“I had some particular experiences or regrets from the war that I just thought about every day, and occasionally I’d have bad dreams or wake up in a cold sweat,” the Massachusetts Democrat told POLITICO in an interview ahead of a Tuesday night event in Massachusetts that will begin a Veterans Mental Health Tour in early-primary states. “But because these experiences weren’t debilitating — I didn’t feel suicidal or completely withdrawn, and I was doing fine in school — it took me a while to appreciate that I was dealing with post-traumatic stress and I was dealing with an experience that a lot of other veterans have.”

Moulton arrived home in 2008 and sought counseling in 2009, trying a few therapists before finding one he connected with and met with weekly.

“I got to the point where these experiences weren’t haunting me every day,” he said. “They’ll always be there and there will always be regrets that I have, but I got to a point where I could deal with them and manage them. It’s been a few years now since I’ve woken up in a cold sweat in bed from a bad dream or felt so withdrawn from my friends or whatever that I would just go home and go to bed because I miss being overseas with the Marines.”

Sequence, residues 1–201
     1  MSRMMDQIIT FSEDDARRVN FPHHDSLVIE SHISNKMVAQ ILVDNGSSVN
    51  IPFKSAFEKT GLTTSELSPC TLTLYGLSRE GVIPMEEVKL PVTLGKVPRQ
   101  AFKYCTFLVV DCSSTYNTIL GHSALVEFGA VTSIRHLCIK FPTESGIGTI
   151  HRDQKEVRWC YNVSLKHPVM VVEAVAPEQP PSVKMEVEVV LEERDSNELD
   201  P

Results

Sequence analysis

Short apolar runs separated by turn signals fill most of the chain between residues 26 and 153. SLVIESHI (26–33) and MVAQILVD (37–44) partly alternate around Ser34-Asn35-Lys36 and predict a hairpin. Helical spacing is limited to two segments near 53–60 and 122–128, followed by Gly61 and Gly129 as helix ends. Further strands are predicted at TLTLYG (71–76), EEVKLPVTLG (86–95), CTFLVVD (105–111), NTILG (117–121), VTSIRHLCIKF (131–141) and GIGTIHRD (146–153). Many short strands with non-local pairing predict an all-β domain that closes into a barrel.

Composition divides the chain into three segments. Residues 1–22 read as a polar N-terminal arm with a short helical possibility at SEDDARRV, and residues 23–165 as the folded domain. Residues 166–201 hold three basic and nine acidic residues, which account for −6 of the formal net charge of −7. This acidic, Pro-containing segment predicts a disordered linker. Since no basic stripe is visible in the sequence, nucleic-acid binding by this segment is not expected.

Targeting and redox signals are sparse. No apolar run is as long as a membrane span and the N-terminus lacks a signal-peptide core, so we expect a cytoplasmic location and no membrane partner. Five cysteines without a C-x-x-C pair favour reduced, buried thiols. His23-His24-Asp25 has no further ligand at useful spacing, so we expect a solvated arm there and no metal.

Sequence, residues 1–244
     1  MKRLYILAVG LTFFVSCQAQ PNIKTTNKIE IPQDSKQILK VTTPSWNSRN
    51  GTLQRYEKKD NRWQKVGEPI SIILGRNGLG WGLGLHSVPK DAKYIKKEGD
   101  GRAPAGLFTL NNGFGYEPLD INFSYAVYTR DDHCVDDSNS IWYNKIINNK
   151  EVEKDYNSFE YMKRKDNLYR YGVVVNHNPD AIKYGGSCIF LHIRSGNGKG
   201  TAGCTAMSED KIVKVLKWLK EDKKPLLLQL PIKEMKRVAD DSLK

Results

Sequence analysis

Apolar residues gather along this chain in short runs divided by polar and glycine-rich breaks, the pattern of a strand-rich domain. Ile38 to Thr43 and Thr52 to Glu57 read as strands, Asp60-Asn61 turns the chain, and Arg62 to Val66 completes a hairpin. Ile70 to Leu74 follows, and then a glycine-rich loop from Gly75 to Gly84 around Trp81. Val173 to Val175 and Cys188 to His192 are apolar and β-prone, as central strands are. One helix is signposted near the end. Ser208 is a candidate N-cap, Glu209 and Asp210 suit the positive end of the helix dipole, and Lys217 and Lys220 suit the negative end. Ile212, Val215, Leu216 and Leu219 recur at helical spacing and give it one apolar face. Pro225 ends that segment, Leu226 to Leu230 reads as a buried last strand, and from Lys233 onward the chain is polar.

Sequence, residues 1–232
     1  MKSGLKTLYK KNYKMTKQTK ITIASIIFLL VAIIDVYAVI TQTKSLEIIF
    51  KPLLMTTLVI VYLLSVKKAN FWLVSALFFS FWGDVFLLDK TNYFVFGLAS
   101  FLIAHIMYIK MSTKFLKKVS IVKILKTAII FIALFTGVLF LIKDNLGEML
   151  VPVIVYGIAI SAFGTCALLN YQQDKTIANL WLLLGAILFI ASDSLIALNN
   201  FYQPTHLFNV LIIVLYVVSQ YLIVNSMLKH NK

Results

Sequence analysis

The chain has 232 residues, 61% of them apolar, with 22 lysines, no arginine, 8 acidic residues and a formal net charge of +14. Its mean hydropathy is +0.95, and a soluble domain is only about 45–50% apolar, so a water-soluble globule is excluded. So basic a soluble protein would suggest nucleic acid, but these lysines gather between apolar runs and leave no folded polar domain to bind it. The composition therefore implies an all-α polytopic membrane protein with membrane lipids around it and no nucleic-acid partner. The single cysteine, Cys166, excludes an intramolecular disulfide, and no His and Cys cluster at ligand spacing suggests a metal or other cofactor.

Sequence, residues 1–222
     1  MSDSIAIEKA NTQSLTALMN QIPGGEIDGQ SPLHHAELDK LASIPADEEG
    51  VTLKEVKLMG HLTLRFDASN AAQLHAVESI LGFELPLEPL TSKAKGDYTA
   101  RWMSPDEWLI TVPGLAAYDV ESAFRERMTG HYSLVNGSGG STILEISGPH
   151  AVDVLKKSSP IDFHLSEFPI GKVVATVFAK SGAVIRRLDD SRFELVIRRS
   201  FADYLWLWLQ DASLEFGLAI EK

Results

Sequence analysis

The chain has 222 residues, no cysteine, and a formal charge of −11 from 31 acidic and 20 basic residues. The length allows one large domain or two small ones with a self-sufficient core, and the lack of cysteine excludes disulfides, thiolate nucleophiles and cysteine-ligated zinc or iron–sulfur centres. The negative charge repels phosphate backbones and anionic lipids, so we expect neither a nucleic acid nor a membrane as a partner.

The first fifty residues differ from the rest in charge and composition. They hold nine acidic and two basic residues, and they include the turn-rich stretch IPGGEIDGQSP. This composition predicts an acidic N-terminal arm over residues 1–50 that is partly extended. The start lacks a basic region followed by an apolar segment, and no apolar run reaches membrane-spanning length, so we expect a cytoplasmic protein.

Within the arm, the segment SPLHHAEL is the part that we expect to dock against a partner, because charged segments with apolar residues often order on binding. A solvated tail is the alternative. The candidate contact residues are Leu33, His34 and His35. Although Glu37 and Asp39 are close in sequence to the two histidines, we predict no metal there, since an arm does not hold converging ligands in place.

Some politicians below the presidential level have been able to openly discuss mental health treatment and still win their elections. Former Gov. Mark Dayton of Minnesota told voters before winning his first term in 2010 that he had been taking antidepressants. Rep. Ruben Gallego (D-Ariz.) said he had PTSD after serving in Iraq.
read more here

Friday, May 24, 2019

Vietnam War Memorial vandalized in Massachusetts days before Memorial Day

A Vietnam veterans memorial was vandalized with a swastika. Police want to find out who did it

May 24, 2019

(CNN)Several days before Memorial Day, a Vietnam War memorial in Massachusetts has been vandalized with "hate-related" graffiti.
Police are canvassing the area near the memorial in Dorchester, about six miles from Boston. Early Thursday, flags were ripped down and tossed; dozens of plants were torn from the ground; and stone monuments were marked with hateful graffiti -- including a swastika -- according to a press release from the Massachusetts State Police.